The End of D1 Sports

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The End of D1 Sports

Post by wrv on Wed May 21, 2014 9:01 am

It does not take a great leap of immagination to conclude that the Northwestern men may have started a small fire that will ultimately burn big, leading to perhaps a splintering of smaller D1 institutions from the larger. The Pac 12 may be able to afford a stipend that smaller Catholic universities cannot. Below is an aritlce from ESPN, dated today, about a proposal arising from the Pac 12. It may be that in the not too distant future our division will be structured differently, somehow separated from the larger conference schools. Perhaps the changes proposed below do not seem all that earth shattering, but they may well be a gateway to the slippery slope of even more expensive changes, further diminishing the ability of smaller schools to compete. Your thoughts.



Pac-12 university presidents have sent a letter to their colleagues at the other four major football conferences calling for sweeping changes to the NCAA model and autonomy for those leagues.

A copy of the letter was obtained by The Associated Press on Tuesday night. It was sent last week to the other 53 university presidents from the Southeastern Conference, Big Ten, Big 12 and Atlantic Coast Conference.

Spurred in part by Northwestern football players' move to unionize, the Pac-12 presidents outlined a 10-point plan for reform that includes many proposals commissioners have been advocating for several years, including a stipend for athletes. The NCAA is working on a new governance structure that will allow the five wealthiest conferences to make some rules without the support of smaller Division I schools.


Arizona State President Michael Crow said the letter outlines "what the NCAA should be and how it should work."

"We acknowledge the core objectives could prove to be expensive and controversial, but the risks of inaction or moving too slowly are far greater," the letter reads. "The time for tinkering with the rules and making small adjustments is over."

Arizona State President Michael Crow told the AP that his counterparts in the Pac-12 are not "happy with where things are going. We're not happy with the nature of the debate out there. And we felt like our voice is not well understood."

"We've been talking about the need for reform for a long time, and so in a sense our thinking has coalesced," Crow said. "There's just so much thinking going on relative to the NCAA. So we thought it was time to say, `Well, this is what we think the NCAA should be, and this is how we think it should work."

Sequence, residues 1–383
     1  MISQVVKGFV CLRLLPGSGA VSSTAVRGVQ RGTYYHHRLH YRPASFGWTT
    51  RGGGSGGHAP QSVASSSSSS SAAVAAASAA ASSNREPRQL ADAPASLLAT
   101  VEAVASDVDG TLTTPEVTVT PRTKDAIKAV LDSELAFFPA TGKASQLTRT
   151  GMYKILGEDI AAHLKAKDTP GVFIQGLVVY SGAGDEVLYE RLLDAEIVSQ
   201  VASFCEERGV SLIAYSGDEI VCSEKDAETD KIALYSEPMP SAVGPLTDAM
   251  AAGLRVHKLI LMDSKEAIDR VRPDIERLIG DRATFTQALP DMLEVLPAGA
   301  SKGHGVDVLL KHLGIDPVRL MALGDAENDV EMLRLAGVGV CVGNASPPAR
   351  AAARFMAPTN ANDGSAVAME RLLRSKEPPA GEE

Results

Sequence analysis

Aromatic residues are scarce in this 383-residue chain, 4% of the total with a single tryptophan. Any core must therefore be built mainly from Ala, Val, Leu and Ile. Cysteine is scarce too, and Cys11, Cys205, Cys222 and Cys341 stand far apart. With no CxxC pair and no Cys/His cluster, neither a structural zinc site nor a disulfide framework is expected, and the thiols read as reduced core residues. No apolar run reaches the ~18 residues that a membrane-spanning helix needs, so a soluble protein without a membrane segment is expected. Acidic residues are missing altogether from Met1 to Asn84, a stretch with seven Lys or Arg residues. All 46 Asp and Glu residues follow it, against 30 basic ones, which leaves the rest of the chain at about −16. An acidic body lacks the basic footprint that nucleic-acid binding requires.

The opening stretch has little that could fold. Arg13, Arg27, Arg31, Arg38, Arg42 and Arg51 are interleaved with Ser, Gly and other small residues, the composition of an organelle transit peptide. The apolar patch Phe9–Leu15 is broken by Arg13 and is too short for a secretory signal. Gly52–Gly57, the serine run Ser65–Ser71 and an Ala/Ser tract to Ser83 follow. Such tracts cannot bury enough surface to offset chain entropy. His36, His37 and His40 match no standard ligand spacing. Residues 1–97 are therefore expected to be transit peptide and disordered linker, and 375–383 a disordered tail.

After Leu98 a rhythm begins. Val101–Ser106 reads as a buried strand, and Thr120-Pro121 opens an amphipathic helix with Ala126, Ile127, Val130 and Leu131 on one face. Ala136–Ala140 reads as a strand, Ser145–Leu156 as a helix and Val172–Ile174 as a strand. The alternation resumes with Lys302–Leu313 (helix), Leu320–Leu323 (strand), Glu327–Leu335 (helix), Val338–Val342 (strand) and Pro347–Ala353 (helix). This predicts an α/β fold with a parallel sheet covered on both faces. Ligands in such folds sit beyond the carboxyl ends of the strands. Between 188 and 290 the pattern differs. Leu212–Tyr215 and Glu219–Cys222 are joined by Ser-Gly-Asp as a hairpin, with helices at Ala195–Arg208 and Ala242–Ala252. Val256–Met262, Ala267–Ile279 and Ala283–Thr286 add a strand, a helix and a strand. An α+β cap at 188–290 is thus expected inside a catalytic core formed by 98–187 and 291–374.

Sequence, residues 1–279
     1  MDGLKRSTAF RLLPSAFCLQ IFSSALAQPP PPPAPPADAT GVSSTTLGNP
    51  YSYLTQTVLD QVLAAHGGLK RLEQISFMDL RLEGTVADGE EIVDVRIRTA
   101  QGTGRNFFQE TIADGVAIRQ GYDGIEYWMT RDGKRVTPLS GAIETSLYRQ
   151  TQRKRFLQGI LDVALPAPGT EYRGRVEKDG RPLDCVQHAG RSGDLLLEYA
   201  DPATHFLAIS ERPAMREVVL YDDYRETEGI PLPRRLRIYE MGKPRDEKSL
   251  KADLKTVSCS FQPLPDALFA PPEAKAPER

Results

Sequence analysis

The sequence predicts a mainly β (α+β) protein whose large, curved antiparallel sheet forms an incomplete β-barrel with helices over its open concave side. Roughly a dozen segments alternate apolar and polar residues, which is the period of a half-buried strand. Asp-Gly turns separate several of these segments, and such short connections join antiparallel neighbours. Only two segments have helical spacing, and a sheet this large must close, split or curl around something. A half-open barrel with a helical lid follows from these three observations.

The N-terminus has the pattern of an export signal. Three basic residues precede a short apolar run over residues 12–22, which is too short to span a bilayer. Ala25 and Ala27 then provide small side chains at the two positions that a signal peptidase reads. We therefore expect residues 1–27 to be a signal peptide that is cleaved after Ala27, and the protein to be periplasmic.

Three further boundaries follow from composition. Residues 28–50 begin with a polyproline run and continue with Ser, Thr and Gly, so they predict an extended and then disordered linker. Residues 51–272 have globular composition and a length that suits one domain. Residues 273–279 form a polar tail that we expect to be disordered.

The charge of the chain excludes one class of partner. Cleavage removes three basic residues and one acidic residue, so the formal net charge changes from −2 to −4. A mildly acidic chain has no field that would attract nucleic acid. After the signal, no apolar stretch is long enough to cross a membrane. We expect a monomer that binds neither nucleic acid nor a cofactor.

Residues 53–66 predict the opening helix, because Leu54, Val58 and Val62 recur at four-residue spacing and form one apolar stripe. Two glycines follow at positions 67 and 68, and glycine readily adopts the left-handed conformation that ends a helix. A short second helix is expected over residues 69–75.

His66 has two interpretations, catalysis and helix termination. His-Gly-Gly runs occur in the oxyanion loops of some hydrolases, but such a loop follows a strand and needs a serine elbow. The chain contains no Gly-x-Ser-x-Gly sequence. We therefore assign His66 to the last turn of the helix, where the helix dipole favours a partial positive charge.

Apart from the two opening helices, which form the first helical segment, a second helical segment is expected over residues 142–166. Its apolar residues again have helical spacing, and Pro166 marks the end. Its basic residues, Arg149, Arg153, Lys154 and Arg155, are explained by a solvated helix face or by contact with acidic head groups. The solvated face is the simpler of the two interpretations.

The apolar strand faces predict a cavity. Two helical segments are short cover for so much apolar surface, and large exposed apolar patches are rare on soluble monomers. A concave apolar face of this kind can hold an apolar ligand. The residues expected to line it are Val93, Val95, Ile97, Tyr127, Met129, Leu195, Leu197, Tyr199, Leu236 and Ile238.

The full list of proposals included in the letter are:

- Permit institutions to make scholarship awards up to the full cost of attendance.

- Provide reasonable ongoing medical or insurance assistance for student-athletes who suffer an incapacitating injury in competition or practice. Continue efforts to reduce the incidence of disabling injury.

- Guarantee scholarships for enough time to complete a bachelor's degree, provided that the student remains in good academic standing.

- Decrease the demands placed on the athlete in-season, correspondingly increase the time available for studies and campus life, by preventing the abuse of organized "voluntary" practices to circumvent the limit of 20 hours per week and more realistically assess the time away from campus and other commitments during the season.

- Similarly decrease time demands out of season by reducing out-of-season competition and practices, and by considering shorter seasons in specific sports.

- Further strengthen the Academic Progress Rate requirements for postseason play.

- Address the "one and done" phenomenon in men's basketball. If the NBA and its Players Association are unable to agree to raising the age limit for players, consider restoring the freshman ineligibility rule in men's basketball.

- Provide student-athletes a meaningful role in governance at the conference and NCAA levels.